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Preparing for the challenge of COVID-19 vaccine logistics

  • More than 250 potential COVID-19 vaccines are being developed currently worldwide.
  • 10 billion – the estimated number of vaccine doses that would need to be delivered to all corners of the world within two years.

When the coronavirus became a global pandemic in early 2020, the life sciences and healthcare (LSH) supply chain faced unprecedented challenges. Although DHL quickly put crisis management plans into action, our teams still had to remain alert and agile in order to respond to a rapidly changing environment. There was little time to plan ahead.

More recently we’ve been able to look back on lessons learned and focus our attention on the future. And none too soon, because the next hurdle is already visible on the horizon: transporting, warehousing and distributing COVID-19 vaccines around the world.

Right now, more than 250 potential COVID-19 vaccines are in various stages of development. It’s possible that one could be ready for distribution by the end of 2020. Because of the urgency of the pandemic and the sheer volume of potential doses on the way, DHL is preparing to secure stable supply chains for vaccines and medical supplies for this crisis and beyond. Although many questions remain unanswered, what is clear is that we need to plan ahead and understand the potential range of requirements and their implications for logistics.

Will the cold chain need to get colder?

Today’s conventional cold supply chains transport temperature-sensitive medical supplies at temperatures between two and eight degrees Celsius. This includes vaccines, which must be stored properly from the time they are manufactured until they are administered. Any exposure to inappropriate conditions, such as higher temperatures, could reduce or even destroy the vaccine’s potency.

Normally researchers devote tons of time to testing vaccine stability in order to understand the environmental conditions under which the vaccine can be securely transported or stored. They use the data generated to improve stability and make doses easier to distribute. The current COVID-19 vaccines are being developed at such unprecedented speeds that researchers are fully focused on safety and efficacy in order to get them approved as quickly as possible.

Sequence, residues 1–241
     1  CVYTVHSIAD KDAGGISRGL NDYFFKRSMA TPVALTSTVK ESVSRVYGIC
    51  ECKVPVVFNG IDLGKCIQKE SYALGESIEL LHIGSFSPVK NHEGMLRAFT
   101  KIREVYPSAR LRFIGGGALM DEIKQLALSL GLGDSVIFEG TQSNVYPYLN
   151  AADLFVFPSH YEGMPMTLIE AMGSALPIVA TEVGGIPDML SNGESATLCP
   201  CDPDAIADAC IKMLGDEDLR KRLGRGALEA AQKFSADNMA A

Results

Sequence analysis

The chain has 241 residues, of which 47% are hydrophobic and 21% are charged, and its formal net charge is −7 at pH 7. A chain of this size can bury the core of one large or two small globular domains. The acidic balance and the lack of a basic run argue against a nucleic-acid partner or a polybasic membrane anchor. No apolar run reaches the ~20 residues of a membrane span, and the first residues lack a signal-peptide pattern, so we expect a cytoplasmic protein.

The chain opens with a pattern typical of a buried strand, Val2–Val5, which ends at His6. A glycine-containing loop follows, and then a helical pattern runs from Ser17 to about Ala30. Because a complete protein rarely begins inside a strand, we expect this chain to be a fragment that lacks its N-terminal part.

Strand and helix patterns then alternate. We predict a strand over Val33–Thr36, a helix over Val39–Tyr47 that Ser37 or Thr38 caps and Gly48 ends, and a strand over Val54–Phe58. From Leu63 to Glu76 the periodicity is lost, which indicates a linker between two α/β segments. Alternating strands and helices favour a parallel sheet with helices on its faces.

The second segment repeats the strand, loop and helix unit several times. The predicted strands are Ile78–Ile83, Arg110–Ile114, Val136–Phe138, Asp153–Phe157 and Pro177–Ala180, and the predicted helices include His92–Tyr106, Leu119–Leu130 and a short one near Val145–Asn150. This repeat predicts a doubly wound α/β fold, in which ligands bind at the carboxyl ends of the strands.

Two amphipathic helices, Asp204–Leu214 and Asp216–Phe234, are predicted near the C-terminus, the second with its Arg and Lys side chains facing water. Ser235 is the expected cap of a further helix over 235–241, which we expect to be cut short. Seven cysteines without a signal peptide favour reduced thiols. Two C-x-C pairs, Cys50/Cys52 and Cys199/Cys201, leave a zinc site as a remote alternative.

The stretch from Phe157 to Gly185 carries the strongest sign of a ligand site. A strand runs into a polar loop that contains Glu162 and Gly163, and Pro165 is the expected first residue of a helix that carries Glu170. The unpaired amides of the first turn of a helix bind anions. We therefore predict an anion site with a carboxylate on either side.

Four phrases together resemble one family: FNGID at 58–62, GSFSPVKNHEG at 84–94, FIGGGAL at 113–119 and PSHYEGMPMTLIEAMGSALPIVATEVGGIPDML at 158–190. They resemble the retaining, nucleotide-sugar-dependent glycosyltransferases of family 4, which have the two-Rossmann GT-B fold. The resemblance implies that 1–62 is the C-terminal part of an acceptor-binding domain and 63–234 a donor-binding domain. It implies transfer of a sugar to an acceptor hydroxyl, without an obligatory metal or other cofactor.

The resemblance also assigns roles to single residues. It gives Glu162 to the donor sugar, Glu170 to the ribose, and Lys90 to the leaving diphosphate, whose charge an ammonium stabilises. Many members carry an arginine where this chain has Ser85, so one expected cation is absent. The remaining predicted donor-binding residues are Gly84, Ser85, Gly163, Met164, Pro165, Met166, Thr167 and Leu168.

The lack of stability data may lead some producers, out of caution, to require extreme temperatures along the supply chain (as low as -80 °C). We’ve already seen similar requirements in certain COVID-19 vaccine clinical trials.

Fully understanding the range of potential temperature requirements and their implication for logistics allows us to map out the supply chain, identify potential bottlenecks and plan end-to-end solutions.

What will an end-to-end solution look like?

At DHL, we expect a number of challenges along the supply chain. On the production end, the logistics infrastructure is largely intact, making vaccine shipments more manageable. However, highly fluctuating processes, such as quality assurance and customs clearance, can make maintaining cooling requirements more difficult.

Given the urgency of the pandemic, longer distances will need to be covered by air. Here the sheer volume of shipments will be a challenge. Assuming 10 billion doses are to be distributed over two years, DHL estimates the need for 15 million deliveries in cooling boxes, 200,000 movements by pallet shippers and 15,000 flights across the various supply chain setups.

Downstream it will become increasingly difficult to comply with stringent temperature requirements, especially in certain parts of the world. Currently, large parts of Africa, South America and Asia could not be readily supplied at scale due to lack of cold-chain logistics capacity suitable for life science products. It’s going to take extraordinary measures to reach people in these places, where some two-thirds of the world’s population live. Governments and NGOs need to start improving infrastructure now and collaborating closely with vaccine producers and logistics providers to ensure doses can be distributed to everyone as soon as vaccines are available. 

Logistics providers also need to be ready with multiple end-to-end solutions to meet a variety of needs. At DHL, we’ve identified three supply chain archetypes – direct shipment to point of use, local cross-docking, and local warehousing. The suitability of each depends on the temperature requirements, transport distances, and volumes as well as factors related to cost, lead time, warehouse capacity and the availability of packaging and equipment.

Delivering Pandemic Resilience

DHL’s latest white paper Delivering Pandemic Resilience dives much deeper into these issues. In the study, we draw on our decades of global logistics and supply chain experience, as well as analytical support from McKinsey & Company, to identify critical pain points along the COVID-19 supply chain, outline the potential requirements and possible solutions for distributing a COVID-19 vaccine around the world, and offer a five-pillar framework to tackle future emergencies.

I encourage you to review and share it with your colleagues and partners. After all, the coronavirus pandemic will not be the last global health crisis. It’s time for governments, NGOs, vaccine producers and logistics providers to work together, plan ahead, and be prepared for the challenge of COVID-19 vaccine logistics and beyond.